I'm using this goofy draft photo of Evgeny Kuznetsov until an appropriate one from the quarterfinal is loaded onto the photo server. (Photo by Harry How/Getty Images)
With four minutes remaining in the second quarterfinal between Russia and Finland, the Russians were going through another listless PP, trailing by 2 goals to a Finnish team with arguably the top goaltender in the tournament and a reputation for being excruciatingly responsible defensively. The Russians had nothing going on all period, with most of their rushes being thwarted before a shot even could develop. Then, Evgeny Kuznetsov saw a rare chance to drive to the net from the corner on his off wing, jamming the puck onto Joni Ortio's sprawling pad, before a little bit of space opened up on the rebound and he got the puck over the goal line just before the penalty to Teemu Pulkkinen expired. Kuznetsov announced to the world that we were in for quite a finish, and he continued to make sure of it.
With just over a minute and a half to play, Kuznetsov broke in on the Finnish defense, deked out captain Sami Vatanen and forced Ortio to make a great pad save with his right leg (while moving to his left). The end result was the puck was just sitting there for Maxim Kitsyn to pounce on to tie the game. It was a sudden change in fortune from what seemed like a Finnish team that had done everything right all tournament long. Overtime was forced thanks to the will, and more importantly skill, of Kuznetsov, the Washington Capitals first round draft choice (of course).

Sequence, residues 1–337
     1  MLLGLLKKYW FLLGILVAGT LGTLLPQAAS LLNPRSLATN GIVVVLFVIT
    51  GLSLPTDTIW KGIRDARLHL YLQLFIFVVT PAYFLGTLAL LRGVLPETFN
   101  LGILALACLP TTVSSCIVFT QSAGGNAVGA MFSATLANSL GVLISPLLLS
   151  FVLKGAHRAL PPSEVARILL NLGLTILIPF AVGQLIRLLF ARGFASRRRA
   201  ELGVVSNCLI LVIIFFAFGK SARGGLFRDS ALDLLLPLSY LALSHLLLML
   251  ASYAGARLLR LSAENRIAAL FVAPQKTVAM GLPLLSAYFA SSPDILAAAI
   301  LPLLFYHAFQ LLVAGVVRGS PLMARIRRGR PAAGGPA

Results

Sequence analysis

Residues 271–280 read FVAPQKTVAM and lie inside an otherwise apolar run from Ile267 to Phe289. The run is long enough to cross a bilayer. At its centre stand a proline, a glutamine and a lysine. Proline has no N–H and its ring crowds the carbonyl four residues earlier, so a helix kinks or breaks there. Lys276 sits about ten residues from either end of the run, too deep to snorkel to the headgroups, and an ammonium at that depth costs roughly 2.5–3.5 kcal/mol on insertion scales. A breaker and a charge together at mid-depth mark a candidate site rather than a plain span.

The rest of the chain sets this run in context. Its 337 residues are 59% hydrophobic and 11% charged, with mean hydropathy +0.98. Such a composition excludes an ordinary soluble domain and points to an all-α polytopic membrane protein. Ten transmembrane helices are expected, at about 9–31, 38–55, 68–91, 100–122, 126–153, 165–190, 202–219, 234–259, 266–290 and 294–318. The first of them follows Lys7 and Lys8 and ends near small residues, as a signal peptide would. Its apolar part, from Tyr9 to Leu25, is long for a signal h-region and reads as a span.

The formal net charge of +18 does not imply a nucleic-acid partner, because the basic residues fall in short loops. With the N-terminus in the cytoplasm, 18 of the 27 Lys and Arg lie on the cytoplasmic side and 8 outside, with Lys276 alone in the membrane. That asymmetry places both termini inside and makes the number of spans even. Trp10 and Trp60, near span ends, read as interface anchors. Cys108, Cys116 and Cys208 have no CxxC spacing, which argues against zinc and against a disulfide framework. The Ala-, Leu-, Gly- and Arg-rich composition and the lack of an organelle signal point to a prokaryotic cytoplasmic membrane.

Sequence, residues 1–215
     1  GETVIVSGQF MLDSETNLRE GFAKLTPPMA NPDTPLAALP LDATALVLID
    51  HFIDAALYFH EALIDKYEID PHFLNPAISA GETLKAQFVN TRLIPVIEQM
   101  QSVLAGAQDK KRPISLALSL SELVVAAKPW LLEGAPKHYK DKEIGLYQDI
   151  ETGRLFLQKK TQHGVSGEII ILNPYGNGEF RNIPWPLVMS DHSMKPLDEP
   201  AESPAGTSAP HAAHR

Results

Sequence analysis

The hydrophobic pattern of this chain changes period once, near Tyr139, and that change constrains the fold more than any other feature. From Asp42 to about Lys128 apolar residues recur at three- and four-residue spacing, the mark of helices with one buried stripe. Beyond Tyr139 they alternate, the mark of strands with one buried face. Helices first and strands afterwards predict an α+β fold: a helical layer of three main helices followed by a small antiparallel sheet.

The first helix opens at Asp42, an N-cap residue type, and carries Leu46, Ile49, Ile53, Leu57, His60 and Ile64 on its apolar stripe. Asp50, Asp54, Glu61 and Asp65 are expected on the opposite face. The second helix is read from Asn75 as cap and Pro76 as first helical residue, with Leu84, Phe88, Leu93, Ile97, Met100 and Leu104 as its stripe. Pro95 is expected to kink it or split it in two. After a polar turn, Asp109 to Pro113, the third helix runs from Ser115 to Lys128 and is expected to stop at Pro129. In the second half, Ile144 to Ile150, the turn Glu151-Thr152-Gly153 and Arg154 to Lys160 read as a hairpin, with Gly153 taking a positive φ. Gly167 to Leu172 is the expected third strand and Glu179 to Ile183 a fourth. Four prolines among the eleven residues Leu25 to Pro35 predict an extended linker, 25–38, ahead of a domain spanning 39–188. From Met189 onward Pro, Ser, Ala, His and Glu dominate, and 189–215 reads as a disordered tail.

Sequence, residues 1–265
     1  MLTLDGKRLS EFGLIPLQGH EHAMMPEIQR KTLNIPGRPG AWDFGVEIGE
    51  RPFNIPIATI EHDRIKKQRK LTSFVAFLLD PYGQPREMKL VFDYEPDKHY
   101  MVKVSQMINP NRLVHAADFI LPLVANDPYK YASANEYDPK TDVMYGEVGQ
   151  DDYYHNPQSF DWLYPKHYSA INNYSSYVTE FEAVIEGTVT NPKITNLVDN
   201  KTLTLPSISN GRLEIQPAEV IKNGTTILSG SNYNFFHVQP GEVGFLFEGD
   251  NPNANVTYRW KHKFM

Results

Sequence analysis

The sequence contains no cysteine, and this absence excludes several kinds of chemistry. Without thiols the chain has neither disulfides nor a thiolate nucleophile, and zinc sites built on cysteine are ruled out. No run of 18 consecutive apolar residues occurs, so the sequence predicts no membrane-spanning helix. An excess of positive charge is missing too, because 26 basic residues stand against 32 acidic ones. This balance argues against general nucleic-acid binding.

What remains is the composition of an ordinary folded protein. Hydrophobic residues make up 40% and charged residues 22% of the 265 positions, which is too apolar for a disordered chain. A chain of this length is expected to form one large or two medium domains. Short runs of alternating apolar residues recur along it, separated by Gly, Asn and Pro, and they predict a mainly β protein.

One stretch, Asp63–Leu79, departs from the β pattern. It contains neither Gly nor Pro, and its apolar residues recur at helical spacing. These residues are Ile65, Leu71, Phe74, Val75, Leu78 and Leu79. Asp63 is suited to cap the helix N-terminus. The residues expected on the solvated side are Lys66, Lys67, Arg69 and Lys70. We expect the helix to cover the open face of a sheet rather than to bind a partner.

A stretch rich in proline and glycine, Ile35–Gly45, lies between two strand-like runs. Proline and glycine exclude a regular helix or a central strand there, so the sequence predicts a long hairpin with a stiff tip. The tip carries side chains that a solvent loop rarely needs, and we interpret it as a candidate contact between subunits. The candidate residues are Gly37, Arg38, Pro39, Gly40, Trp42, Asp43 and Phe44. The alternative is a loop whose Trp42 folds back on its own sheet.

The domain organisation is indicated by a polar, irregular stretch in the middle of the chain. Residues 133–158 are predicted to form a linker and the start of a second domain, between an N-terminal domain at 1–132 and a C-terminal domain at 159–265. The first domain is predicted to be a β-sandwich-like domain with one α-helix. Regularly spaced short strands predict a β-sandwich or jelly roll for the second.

And then, in OT, where the teams were trading chances and a shootout seemed like a likely option, Kuznetsov again stepped forward to win it all for Russia. At 6:44 of OT, he skated into the high slot and wristed a shot top shelf, just to show he had a little bit of everything in his game. His first goal was scored by determination and drive, the second by his unbelievable hands, and the third by a great snap shot.
In the end, Finland's tournament will end in a place they're all to familiar with, the dreaded 5th place game, this time against Switzerland. The Russians will take on the Swedes tomorrow afternoon in what should be a thrilling semifinal, as Russia will try and beat Robin Lehner after being stymied by him in the first game. Sweden will definitely appreciate the fact that Russia had to work so hard to get to the semifinal, but they must be trying to figure out how the heck they're going to contain Kuznetsov.
The story seems the polar opposite of last year's quarterfinal for Russia. In that game, they were playing the Swiss, leading 2-1, only ahead by one because of a spectacular performance from Swiss goalie Benjamin Conz. Then, with one minute to play, Nino Niederrieter scored the tying goal, and followed it up in OT with the winner. It was an individual performance that announced his arrival on the international stage. Kuznetsov played the role of Nino for the Russians this time, helping them to an unlikely comeback victory with two goals and one amazing assist.